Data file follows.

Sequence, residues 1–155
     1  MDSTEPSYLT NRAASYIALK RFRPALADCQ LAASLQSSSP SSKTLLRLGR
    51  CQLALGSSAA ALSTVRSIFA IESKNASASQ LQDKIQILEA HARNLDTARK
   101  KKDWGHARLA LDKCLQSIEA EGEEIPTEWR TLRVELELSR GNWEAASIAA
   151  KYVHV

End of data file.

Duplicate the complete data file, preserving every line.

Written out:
Sequence, residues 1–155
     1  MDSTEPSYLT NRAASYIALK RFRPALADCQ LAASLQSSSP SSKTLLRLGR
    51  CQLALGSSAA ALSTVRSIFA IESKNASASQ LQDKIQILEA HARNLDTARK
   101  KKDWGHARLA LDKCLQSIEA EGEEIPTEWR TLRVELELSR GNWEAASIAA
   151  KYVHV